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Saturday, April 6, 2013

Benefit of doubt, scope of sec.149 of IPC = Quite often, people gather at the scene of offence out of curiosity. They do not share common object of the unlawful assembly. If a general allegation is made against large number of people, Court has to be cautious. It must guard against the possibility of convicting mere passive onlookers who did not share the common object of the unlawful assembly. Unless reasonable direct or indirect circumstances lend assurance to the prosecution case that they shared common object of the unlawful assembly, they cannot be convicted with the aid of Section 149 of the IPC- We have already noted that witnesses are prone to exaggeration and the court has to sift the chaff from the grain and find out the truth from the testimony of the witnesses (See Leela Ram).= It is true that absence of the name of an accused in the FIR is not always indicative of his innocence because there may be some other clinching evidence on record to establish his complicity. But, in the aforementioned peculiar facts of this case, because of the absence of the names of these accused in the FIR, a doubt is created in the mind as to whether they could be really involved in the offence.- we feel that so far as A26-Niranjan, A28-Sambhu, A29-Probodh, A35-Satrughnan and A36-Duryadhan are concerned, evidence on record gives rise to suspicion about their involvement. But it is well settled that suspicion, however strong, is not enough to convict a person. Absence of their names in the FIR in the abovementioned facts, lead us to give them benefit of doubt.= In the circumstances, the appeal is partly allowed. A26- Niranjan Das, A28-Sambhu Samanta, A29-Probodh Jana, A35- Satrughnan Patra and A36-Duryadhan Patra are given benefit of doubt and acquitted of all the offences with which they were charged. They shall be forthwith released from custody unless otherwise required in any other case. Their bail bonds shall stand discharged. - Before parting, we must express that the investigation of this case is far from satisfactory and recording of evidence is done in a casual manner. Justice is done only because of the inherent strength of the prosecution case and credible evidence of the honest rustic witnesses. Sessions cases involve the rights of the victims and rights of the accused. Even the society has a great stake in the proper conduct of sessions cases because they have relevance to the maintenance of law and order. Investigation of criminal cases must, therefore, be done very carefully and trials must be conducted with a sense of responsibility.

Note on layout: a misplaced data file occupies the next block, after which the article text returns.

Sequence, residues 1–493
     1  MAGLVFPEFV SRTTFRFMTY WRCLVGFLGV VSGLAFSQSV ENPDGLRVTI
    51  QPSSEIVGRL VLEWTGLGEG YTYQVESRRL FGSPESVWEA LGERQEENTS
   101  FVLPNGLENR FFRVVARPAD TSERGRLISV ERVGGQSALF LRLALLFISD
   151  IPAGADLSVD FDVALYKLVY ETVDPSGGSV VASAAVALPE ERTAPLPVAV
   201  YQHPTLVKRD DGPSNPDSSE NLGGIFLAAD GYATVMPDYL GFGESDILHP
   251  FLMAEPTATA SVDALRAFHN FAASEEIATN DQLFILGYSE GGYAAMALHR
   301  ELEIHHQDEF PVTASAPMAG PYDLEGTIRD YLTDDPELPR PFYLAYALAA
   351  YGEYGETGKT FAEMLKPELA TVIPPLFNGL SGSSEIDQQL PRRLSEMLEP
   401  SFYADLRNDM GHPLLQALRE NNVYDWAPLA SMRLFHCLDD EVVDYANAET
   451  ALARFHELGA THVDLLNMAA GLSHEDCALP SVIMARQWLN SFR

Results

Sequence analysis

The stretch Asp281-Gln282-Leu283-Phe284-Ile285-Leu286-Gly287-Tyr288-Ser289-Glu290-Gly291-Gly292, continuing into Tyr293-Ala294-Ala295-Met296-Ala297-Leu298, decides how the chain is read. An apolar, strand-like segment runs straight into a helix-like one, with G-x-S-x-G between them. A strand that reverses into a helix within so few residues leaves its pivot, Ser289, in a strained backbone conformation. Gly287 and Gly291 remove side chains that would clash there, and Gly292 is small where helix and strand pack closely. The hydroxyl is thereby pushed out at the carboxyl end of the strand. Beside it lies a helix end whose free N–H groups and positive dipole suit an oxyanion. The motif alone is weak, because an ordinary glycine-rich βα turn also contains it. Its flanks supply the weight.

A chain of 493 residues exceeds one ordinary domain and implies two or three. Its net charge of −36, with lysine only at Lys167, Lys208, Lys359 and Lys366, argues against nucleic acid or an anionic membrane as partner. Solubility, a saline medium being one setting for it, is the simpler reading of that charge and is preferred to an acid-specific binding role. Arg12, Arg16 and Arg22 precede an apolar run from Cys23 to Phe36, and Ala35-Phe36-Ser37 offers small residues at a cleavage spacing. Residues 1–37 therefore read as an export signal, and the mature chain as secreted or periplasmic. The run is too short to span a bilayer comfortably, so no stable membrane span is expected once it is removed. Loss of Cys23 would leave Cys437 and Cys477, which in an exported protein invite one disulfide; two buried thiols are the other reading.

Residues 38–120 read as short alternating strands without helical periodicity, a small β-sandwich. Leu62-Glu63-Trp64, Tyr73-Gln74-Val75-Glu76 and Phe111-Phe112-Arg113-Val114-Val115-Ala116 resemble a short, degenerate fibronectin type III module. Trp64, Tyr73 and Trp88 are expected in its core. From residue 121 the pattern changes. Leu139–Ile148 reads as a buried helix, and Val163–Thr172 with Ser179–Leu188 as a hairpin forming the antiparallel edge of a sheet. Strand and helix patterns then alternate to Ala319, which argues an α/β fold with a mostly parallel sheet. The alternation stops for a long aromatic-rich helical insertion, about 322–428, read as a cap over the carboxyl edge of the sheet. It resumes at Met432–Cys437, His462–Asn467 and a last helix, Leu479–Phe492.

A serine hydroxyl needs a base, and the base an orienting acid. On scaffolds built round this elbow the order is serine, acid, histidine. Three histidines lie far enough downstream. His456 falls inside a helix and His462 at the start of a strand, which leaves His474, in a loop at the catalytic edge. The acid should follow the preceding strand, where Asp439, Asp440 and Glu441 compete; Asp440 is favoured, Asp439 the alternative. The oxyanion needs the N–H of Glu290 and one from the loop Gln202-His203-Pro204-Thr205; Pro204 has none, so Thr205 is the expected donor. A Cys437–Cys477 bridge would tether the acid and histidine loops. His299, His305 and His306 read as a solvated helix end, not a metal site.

Page 1
NON-REPORTABLE
IN THE SUPREME COURT OF INDIA
CRIMINAL APPELLATE JURISDICTION
CRIMINAL APPEAL NO.88 OF 2007
SUBAL GHORAI & ORS. … APPELLANTS
Vs.
STATE OF WEST BENGAL … RESPONDENT
JUDGMENT
(SMT.) RANJANA PRAKASH DESAI, J.
1. The appellants viz. A1-Subal Ghorai, A2-Bishnupada
Ghorai, A3-Ranjit Samanta (since deceased), A4-Sunil
Senapati, A5 Pulin Sat @ Samanta, A6-Sudarshan Ghorai, A7-
Nemai Ghorai, A8-Biswanath Ghorai, A9-Joydeb Ghori @
Bhatu, A10-Tarapada Samanta, A11-Bistu Samanta, A12-
Bhanu Samanta, A13-Uttam Samanta @ Bhalu, A14-Sambhu
Jana, A15-Dipu Samanta @ Dipak, A16-Subal Samanta (since
deceased), A17-Dulal Samanta (since deceased), A18-NentuPage 2
Dhara (since deceased), A19-Rakhal Dhara, A20-Batul Dhara,
A21-Kengal Senapati, A22-Nikhil Senapati, A23-Sibu
Pramanik, A24-Dhiren Shee @ Singh (since deceased), A26-
Niranjan Das, A28-Sambhu Samanta, A29-Probodh Jana, A35-
Satrughna Patra and A36-Duryadhan Patra (“appellants
accused”) along with 7 other accused viz. A25-Subal Shee
@ Singh, A27-Tapan Pramanik, A30-Padmalochan Das, A31-
Dima Pramanik, A32-Manick Pramanik, A33-Sankar Das and
A34-Bhakti Bhusan Maity were tried by the 4th Court of the
Additional Sessions Judge, Midnapore in Sessions Trial Case
No.XXIII of May, 1989, for offences punishable under
Sections 147, 148, 302 read with Section 149, Section 324
read with Section 149 and Section 436 read with Section 149
of the Indian Penal Code (“the IPC”).
2. It must be mentioned here that the charge-sheet